The war in Ukraine has once again raised the old question, who really leads Europe? This was a question that supposedly preoccupied former US Secretary of State, Henry Kissinger. For decades it was widely believed that he said, “Who do I call, when I want to call Europe?”
Apparently, it was all just an urban myth. He never said that, nor did he seek, in vain, for Europe’s telephone number. What is not in doubt, is that Kissinger knew, all along, exactly who to call in Europe. At that time, at least in the EEC, Europe’s leader was unquestionably the President of France.
This was clearly shown in the lead up to the Nixon-Pompidou meeting in Reykjavik, in June ’73. Kissinger, then US National Security Advisor, came up with a plan to force the EEC into making trade concessions to the US, by threatening to withdraw US troops from Germany. At the height of the Cold War this would have left Europe vulnerable to domination by the USSR. President Pompidou pointed out that security issues between the US and Europe were a matter for NATO, while trade issues were a matter for the EEC. Since the membership of both organisations did not overlap, as one EEC Member State, Ireland, was not in NATO, it was not possible to put trade and security matters on the same agenda. Kissinger’s plan failed.
When the Cold War ended and German reunification was consolidated, Germany’s rising economic power brought about an unofficial partnership, between Germany and France, to plug the gap in Europe’s leadership. The creation of the EU’s post of High Representative for Foreign Affairs has also helped and all four holders of this position have had a positive impact. Nevertheless, they are less influential, on defence issues, than the unofficial Franco-German partnership. Nor has the EU Parliament, which has about as much weight in this area, as an Irish County Council has on Irish defence policy.
In her final years as German Chancellor, Angela Merkel was the dominant leader, but it remains to be seen if, or when, her successor, Olaf Scholz, will achieve the same stature in Europe. The mantle of this unofficial leadership now rests on the shoulders of French President Emmanuel Macron. His political future will be decided by the French people during the coming Presidential election next month.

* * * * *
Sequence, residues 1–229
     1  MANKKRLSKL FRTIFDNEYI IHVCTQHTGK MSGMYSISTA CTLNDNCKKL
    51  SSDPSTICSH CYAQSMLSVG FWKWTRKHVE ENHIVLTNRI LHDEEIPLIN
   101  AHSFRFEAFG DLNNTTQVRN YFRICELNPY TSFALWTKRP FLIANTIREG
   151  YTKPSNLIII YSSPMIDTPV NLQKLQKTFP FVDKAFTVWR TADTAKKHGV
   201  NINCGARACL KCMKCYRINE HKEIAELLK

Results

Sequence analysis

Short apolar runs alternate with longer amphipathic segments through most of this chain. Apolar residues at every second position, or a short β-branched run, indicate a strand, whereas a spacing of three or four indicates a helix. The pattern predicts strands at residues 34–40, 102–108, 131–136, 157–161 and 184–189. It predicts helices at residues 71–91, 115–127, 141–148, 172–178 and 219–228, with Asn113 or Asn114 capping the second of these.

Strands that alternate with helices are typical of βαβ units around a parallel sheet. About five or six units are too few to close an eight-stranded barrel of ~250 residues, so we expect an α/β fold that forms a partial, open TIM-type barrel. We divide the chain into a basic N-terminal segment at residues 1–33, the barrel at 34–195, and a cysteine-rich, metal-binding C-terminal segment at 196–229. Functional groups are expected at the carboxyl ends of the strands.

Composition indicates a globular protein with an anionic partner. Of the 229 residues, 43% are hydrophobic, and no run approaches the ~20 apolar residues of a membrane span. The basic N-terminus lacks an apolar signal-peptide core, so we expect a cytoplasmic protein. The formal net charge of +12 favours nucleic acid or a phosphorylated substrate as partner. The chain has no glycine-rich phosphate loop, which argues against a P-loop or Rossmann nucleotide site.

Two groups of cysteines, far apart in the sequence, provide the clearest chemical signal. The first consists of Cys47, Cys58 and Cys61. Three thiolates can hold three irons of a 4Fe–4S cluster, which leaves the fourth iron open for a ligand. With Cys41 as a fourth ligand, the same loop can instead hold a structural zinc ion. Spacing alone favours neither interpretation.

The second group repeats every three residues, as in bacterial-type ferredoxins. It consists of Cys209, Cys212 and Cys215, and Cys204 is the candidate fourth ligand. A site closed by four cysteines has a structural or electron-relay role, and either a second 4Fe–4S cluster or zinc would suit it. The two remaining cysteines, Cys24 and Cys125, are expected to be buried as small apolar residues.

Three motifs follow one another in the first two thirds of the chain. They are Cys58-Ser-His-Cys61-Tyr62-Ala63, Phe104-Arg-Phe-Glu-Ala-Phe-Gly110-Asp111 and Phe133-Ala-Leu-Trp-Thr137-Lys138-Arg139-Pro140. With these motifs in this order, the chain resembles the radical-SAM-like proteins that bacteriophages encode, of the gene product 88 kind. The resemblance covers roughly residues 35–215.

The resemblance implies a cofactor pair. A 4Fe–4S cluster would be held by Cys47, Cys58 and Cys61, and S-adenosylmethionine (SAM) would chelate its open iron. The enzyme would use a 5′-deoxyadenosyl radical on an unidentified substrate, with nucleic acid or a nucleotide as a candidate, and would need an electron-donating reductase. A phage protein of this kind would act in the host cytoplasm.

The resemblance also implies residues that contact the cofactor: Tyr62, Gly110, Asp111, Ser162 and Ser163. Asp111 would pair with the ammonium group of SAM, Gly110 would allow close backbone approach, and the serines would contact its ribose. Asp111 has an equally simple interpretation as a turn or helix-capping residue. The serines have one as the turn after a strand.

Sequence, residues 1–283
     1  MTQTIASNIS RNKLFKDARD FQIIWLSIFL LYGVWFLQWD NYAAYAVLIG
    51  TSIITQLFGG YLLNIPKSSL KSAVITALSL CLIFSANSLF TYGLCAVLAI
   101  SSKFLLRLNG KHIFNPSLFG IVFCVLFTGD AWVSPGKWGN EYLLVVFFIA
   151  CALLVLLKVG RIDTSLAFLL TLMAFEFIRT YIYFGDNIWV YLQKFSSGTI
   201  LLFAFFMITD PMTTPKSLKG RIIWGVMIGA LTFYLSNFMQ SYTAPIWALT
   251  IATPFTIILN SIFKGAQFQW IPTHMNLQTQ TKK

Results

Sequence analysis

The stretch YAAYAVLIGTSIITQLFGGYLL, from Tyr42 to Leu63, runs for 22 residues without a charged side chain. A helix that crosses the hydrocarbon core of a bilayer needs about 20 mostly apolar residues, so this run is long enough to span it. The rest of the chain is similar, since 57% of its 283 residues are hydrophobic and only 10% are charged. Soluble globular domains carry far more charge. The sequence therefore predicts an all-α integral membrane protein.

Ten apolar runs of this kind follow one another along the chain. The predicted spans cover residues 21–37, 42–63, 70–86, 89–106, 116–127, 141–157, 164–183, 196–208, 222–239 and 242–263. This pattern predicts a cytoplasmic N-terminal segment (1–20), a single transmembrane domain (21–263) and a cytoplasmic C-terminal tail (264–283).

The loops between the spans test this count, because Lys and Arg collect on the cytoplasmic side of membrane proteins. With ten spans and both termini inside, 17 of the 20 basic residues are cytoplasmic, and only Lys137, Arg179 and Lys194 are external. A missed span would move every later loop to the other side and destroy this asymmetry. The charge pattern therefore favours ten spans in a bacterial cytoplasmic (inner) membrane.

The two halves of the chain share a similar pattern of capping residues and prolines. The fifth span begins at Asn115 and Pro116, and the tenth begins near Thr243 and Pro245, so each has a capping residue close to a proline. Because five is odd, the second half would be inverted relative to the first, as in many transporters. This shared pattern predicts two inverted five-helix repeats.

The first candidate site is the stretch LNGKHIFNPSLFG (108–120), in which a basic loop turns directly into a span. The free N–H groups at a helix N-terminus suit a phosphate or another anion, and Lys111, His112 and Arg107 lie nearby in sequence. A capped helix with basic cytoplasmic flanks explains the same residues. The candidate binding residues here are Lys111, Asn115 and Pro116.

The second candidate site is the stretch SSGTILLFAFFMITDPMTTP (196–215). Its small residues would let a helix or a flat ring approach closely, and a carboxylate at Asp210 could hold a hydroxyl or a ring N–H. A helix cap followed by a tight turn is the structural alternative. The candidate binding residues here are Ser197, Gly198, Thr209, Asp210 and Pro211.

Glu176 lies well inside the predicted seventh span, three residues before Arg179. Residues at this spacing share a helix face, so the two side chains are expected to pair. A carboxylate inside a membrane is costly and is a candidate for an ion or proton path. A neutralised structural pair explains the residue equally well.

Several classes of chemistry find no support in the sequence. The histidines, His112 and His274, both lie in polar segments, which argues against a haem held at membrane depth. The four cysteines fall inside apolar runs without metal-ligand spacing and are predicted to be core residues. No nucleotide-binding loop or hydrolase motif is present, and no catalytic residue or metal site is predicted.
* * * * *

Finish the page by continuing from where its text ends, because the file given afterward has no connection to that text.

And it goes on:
Napoleon once said that the quality he looked for most in his generals was luck. Macron certainly seems to have that. Moreover, he has learned to grow in office, to be pragmatic and to rein in his ultra pro federalist views on Europe.
Currently France has the rotating EU Presidency, with the positive publicity it should generate, for Macron. In addition, the Presidency Programme focusses attention on many issues that resonate favourably with the French public. With the UK gone from the EU, he has also a clear run to pursue enhanced integration of the EU, in particular, in the defence area.
Choosing the right European defence model
Macron is a strong proponent of the “European Army” concept but is unlikely to push for that at this stage, notwithstanding the shift of EU public opinion arising out of the current Russia-Ukraine War. Moreover, this “European Army” concept is just one possible option for European defence and is not likely to be acceptable to the majority of EU Member States. There are other options. In particular, we need to know what form of European ‘unity’ ultimately emerges, whether federalist or confederalist, before deciding which defence model best suits Europe’s needs.
The main decision to be taken during the upcoming EU Defence meeting on Mar 21st is the approval of the EU Strategic Compass. This is essentially a White Paper for EU Defence, which will lay out a common strategic vision for EU security and Defence. It was expected to set down achievable and practical objectives along with a timeline. The Strategic compass is planned to be a barometer for both the Member States, and the bloc’s ambitions, to make the EU a leading provider of security for its citizens.
However, the Presidency draft has had to be drastically revised since Russia’s invasion of Ukraine on the 24th of February. The EU’s Strategic Compass has to move quickly from being a neat conceptual set of long-term guidelines, to being a practical document that addresses Member States’ concerns about the current state of European security.
Concrete proposals on increasing EU defence spending need to be put on the table now. If EU solidarity means anything, there should ultimately be a level playing field on defence spending. Adopting NATO’s 2% target of GDP on defence spending, would be a good start. Also, for Member States that currently are spending less than the EU average of 1.2% of GDP, there could be an EU funded programme to help them converge initially to this average level, with specified criteria.
Would Macron persuade the other EU leaders to put this on the agenda? Such a strong bold proposal requires leadership. Watching him on Thursday, greeting EU Leaders on the footsteps of the Palais de Versailles, evoking the imagery of the Sun King himself, I thought maybe, just maybe, Europe has a real leader at last.
Finally, I did consider contacting Henry K, to confirm his views on European leadership, but unfortunately, I do not have his telephone number...